The 1999 publication of Peanuts: A Golden Celebration, marking the fiftieth anniversary of the strip, was followed closely by the death of Charles Schulz, in early 2000. The two events made me mildly curious about how I would enjoy something I hadn’t undertaken in decades: a long, leisurely reading of the adventures of Charlie Brown. When A Golden Celebration was printed in paperback, in 2004, I picked up a copy, and in perusing the cartoons I remembered so well, I had three reactions — all of them pleasant, two of them surprising to me. The first was that rereading the strips was like visiting with long-lost friends; there was the same feeling of affection rekindled, the reasons for the separation forgotten or brushed aside like so much dust. Second, I found that I now responded less to the words – many of the punch lines, as I suspected, weren’t very funny to me — and more to the drawings. If “Peanuts” is still being read in another fifty years, which is possible, I predict it will be because of the masterfully rendered expressions on the characters’ faces, which are the features of “Peanuts” that still make me laugh. The emotions Charlie Chaplin or Giulietta Masina could reflect comically with their eyes and mouths are those that Schulz was able to make funny with a pen: alarm, disgust, impatience, and many more, singly or in combination. Finally, in embracing “Peanuts” during my childhood, then drifting away from it in my adolescence, I had responded to Charlie Brown alone – as if he were a real kid or had somehow drawn himself. I now saw him for what he was: a drawing, part extension, part creation of Schulz, and I found a new appreciation for him.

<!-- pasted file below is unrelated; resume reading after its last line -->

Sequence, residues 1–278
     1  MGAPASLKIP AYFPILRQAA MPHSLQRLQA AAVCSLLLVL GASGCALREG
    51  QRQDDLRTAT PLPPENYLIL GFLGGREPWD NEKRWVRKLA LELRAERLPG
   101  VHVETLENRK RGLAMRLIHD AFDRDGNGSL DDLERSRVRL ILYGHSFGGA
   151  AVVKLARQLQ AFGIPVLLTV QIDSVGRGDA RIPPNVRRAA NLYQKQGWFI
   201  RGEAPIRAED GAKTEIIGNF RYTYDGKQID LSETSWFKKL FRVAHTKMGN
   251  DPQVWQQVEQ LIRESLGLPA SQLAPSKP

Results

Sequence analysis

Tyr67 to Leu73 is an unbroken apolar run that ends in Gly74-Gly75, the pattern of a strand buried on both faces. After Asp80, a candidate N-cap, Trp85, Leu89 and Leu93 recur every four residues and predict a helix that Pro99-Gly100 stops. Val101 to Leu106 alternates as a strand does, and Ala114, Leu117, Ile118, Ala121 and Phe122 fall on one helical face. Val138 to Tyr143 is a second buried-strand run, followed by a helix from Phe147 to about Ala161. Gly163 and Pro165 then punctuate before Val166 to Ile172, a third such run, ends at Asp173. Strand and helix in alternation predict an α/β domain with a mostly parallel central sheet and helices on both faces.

It sounds cold to say that friendship, like commerce, is based on mutual benefit; but at bottom, is it not true? Our friends give us something: they make us laugh, or they stimulate us intellectually, or they offer warmth, compassion, and understanding, or, if we are very lucky, they do all of these. To help a friend in need is, in part, to repay such acts – or it is charity. As a being in himself, Charlie Brown has only the fact of his misery to offer, and thus has significant limitations as a friend. But as a gift from a friend, as an offering from Charles Schulz, he is funny, his expressions drawn hilariously, his adventures – I realize now – depicted with an utter lack of sentimentality; he is the medium through which Schulz made many of us laugh while reflecting our fears, through which he conveyed his single greatest gift: his compassion.